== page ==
I still had a paper to write. On the one hand, a Buddhist would condemn an act of aggression that resulted in suffering; on the other hand, to punish someone or refuse forgiveness would be an aggressive counter-response and therefore not appropriate. Just as you could meditate into a state of “non-thinking” while still thinking, could you forget without aggressively forcing forgiveness?

Actions have consequences in Buddhism, so it’s not as if everyone is given a free pass at any time. There would be no absolution for the soldier in the situation we were asked to consider, but there would not be a lack of some kind of forgiveness, although that’s not even the right word. I decided that the Buddhist would be generous to the soldier, but that this was a complicated term in its own right. The man killed those people, and they were dead. All the forgiveness in the world would not—and should not—make him forget that. Perhaps I’ve always found the notion of absolution a bit odd, and clunky to apply to the moral vagaries of life.

If generosity is a way of re-describing forgiveness, what does it mean to be generous? I used to think I knew (or at least I did 15 years ago for the purposes of writing a 10-page paper); now I’m not so sure. I used to find it easy to forgive other people, but I found it almost impossible to forgive myself. This was a weird and slightly narcissistic double standard, with its expectation that I was supposed to be perfect while everyone else could flub up.

Now, as a constantly grieving person, I find myself apologizing or anticipating forgiveness. A lot. Apologizing for things I haven’t done, or might want to do, or don’t want anyone to know I might want to do or have done out of weakness or fear. I am an advance apologizer, and it’s super annoying. I am often edgy and not-myself, whatever that means, and it makes me feel wild, and afraid, and unable to trust myself—my own goodness or the goodness of other people. I feel angry and uncertain in a world where violence is perpetrated deliberately or just falls on you or the people you love in the form of a hidden genetic code or a bus veering out of control on an icy road.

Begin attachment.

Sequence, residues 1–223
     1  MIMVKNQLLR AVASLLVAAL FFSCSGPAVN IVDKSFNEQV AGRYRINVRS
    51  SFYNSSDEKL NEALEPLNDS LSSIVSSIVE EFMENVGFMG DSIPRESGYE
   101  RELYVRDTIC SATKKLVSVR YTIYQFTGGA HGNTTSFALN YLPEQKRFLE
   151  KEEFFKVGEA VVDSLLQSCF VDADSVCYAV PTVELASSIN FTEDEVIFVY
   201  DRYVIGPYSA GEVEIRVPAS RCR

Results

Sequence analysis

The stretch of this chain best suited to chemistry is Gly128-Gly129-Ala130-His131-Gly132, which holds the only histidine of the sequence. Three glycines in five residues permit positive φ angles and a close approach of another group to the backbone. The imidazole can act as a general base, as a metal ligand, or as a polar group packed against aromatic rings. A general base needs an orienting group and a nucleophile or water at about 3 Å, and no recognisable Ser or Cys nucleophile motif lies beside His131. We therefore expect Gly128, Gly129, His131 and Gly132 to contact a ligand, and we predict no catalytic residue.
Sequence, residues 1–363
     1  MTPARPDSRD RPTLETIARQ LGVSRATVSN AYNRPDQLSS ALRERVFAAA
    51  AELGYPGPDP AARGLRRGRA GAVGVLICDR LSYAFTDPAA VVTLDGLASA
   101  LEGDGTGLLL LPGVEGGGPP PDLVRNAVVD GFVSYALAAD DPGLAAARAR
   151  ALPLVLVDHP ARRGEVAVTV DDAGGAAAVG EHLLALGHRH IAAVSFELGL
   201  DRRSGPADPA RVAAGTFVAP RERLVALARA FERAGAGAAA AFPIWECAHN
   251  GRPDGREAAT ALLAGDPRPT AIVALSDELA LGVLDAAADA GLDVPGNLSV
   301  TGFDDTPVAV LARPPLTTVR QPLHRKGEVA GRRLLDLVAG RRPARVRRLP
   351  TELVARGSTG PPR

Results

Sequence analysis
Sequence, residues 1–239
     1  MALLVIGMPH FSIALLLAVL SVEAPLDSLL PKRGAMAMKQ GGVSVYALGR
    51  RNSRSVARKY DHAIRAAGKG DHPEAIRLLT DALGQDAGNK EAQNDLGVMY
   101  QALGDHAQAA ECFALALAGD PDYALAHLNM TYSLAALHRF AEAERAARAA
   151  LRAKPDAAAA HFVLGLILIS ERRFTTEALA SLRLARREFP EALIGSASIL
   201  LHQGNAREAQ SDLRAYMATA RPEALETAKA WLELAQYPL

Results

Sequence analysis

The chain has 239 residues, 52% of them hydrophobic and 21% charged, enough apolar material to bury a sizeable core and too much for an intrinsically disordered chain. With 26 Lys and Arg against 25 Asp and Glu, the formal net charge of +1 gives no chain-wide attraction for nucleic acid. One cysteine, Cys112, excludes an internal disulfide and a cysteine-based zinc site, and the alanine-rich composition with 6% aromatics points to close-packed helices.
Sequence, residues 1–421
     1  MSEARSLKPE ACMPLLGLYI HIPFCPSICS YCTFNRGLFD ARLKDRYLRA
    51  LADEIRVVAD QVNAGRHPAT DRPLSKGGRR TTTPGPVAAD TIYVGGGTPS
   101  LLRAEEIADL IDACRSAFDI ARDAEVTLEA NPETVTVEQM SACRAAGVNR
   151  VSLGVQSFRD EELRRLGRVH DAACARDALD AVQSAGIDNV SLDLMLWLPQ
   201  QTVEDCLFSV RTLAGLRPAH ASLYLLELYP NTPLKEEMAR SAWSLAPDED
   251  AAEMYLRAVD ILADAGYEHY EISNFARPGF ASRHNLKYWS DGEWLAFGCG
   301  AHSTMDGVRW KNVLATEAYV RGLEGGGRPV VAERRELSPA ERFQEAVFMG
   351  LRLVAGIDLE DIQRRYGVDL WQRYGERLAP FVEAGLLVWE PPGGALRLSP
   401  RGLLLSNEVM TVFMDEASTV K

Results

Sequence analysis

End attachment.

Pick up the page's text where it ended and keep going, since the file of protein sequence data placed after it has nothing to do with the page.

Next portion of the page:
I feel cattier, clingier, weirder, softer, kinder, edgier, more human. I could use a dose of radical generosity, it seems. And a reminder that there is no right answer, and that forgiveness-as-generosity is more interesting than forgetfulness, because it is yoked to the heart’s mysteries in a different way; it requires more of us.

We’re alive, which means we’re going to keep hurting people and screwing up, and we need more trust, more patience, more softness—all of those virtues we all wish we had in greater amounts. Generosity is imbedded in this understanding of forgiveness in a way that forgetfulness is not. It’s easier to practice, and, interestingly enough, much more difficult to forget.

Emily Rapp is the author of Poster Child: A Memoir (BloomsburyUSA, 2007) and The Still Point of the Turning World (forthcoming from Penguin Press, March 2013). She is a professor of creative writing and literature at the Santa Fe University of Art and Design in Santa Fe, New Mexico.